The Federal Trade Commission (“FTC”) announced use of its Penalty Offense Authority in connection with endorsement and testimonial enforcement actions. While the FTC has been consistently active in bringing actions based on endorsements or testimonials that it finds deceptive or unfair, it has only been able to impose injunctive relief, as penalty authority has not generally been available under Section 5 of the FTC Act. However, the FTC has the ability to seek penalties where it can show that a company had “actual knowledge” of the alleged misconduct.
Accordingly, to lay the groundwork for such enforcement, the FTC issued letters containing a Notice of Penalty Offenses to over 700 companies. The Notice highlights specific endorsement and testimonial practices that the FTC has determined to be unlawful. The letters do not claim the recipients engaged in any wrongdoing, but assert that companies are now on notice about the possibility of future FTC enforcement.
The letters serve two purposes. The first is to caution companies and advertisers against engaging in endorsement and testimonial advertising practices the Commission has deemed to be unfair or deceptive. The second is to put recipients on notice that engaging in prohibited conduct could result in civil penalties. By formally notifying companies in this manner, the FTC may be attempting to establish “actual knowledge,” a prerequisite to the FTC’s ability to seek civil penalties (up to $43,792 per violation) under its Penalty Offense Authority.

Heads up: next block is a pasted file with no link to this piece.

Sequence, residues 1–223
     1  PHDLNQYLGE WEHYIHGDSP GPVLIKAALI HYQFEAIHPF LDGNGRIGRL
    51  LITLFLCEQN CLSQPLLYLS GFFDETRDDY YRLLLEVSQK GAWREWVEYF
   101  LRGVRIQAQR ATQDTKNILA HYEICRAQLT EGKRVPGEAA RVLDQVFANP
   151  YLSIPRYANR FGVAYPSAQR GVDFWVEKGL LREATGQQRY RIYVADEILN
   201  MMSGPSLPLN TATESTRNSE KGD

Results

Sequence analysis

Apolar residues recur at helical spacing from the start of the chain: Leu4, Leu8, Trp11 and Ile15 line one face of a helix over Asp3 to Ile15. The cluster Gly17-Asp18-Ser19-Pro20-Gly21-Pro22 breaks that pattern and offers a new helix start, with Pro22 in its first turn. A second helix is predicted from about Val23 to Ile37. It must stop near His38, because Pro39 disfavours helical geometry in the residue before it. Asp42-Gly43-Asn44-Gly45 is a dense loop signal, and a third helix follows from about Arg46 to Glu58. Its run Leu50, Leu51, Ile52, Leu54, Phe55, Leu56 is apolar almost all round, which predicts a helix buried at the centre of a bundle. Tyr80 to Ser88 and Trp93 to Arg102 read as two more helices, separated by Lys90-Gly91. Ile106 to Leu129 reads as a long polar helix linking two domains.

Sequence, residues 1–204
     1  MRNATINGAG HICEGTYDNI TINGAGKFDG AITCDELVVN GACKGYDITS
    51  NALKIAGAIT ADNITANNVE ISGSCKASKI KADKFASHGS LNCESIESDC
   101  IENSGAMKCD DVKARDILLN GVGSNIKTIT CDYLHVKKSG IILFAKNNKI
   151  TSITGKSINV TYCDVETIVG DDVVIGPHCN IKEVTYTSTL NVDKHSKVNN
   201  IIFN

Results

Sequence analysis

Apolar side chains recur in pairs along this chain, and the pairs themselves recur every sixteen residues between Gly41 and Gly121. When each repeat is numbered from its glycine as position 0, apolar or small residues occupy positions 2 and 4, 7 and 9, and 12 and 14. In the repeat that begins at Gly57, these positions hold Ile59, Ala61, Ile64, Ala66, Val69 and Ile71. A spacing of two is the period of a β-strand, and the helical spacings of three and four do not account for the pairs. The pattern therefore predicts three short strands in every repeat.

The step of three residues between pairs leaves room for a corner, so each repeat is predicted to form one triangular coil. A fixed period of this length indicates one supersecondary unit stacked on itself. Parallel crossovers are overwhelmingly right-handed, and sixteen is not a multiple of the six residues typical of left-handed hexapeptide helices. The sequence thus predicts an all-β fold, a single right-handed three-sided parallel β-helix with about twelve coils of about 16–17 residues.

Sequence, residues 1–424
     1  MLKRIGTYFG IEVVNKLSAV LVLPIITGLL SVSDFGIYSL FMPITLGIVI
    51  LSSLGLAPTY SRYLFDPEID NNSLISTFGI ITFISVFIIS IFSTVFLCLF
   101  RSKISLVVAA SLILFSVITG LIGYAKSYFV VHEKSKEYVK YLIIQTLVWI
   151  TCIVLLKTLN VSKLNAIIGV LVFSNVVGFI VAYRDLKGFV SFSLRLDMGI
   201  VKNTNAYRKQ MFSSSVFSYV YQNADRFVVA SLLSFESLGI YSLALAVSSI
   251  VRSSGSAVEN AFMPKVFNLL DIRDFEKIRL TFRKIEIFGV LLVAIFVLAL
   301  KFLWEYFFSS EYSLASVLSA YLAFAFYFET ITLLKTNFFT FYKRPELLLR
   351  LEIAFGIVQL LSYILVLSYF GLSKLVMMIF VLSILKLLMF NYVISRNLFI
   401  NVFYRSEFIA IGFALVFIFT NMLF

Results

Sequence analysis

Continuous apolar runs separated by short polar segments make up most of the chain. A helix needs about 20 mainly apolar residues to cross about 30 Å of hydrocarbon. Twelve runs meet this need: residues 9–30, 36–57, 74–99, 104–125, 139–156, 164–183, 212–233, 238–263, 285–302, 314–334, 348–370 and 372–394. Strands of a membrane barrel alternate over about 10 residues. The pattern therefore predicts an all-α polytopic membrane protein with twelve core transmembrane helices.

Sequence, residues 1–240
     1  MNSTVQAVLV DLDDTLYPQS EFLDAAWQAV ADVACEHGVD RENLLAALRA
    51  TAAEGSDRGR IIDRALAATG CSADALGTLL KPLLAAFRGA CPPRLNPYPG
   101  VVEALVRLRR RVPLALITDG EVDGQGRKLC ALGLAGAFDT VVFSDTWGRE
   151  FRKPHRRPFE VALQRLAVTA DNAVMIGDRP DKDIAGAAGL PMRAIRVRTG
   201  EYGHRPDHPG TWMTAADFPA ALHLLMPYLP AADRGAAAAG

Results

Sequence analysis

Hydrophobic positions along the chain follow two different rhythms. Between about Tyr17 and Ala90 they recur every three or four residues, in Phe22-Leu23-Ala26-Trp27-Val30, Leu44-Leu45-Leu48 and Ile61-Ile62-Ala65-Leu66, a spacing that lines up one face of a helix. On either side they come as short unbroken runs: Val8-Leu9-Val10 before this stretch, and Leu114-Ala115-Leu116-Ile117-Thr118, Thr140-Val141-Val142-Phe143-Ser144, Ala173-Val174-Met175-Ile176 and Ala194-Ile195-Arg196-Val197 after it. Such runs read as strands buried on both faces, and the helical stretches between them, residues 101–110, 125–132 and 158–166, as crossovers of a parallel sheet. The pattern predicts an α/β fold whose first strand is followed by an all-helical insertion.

The Notice of Penalty Offenses highlights prior Commission settlements regarding endorsement and testimonial practices that the FTC considers unfair or deceptive, such as: falsely claiming an endorsement by a third party; misrepresenting whether an endorser is an actual, current, or recent user; using an endorsement to make deceptive performance claims; failing to disclose unexpected material connections with an endorser; and misrepresenting that the experience of an endorser represents consumers’ typical or ordinary experience.
These letters suggest that endorsements and testimonials will continue to be a focus of FTC enforcement, only now potentially accompanied with monetary penalties. Whether or not your organization received the FTC’s letter, this notice is a good reminder to review your endorsement practices, including for compliance with the FTC’s guidance on endorsements and testimonials in advertising and otherwise.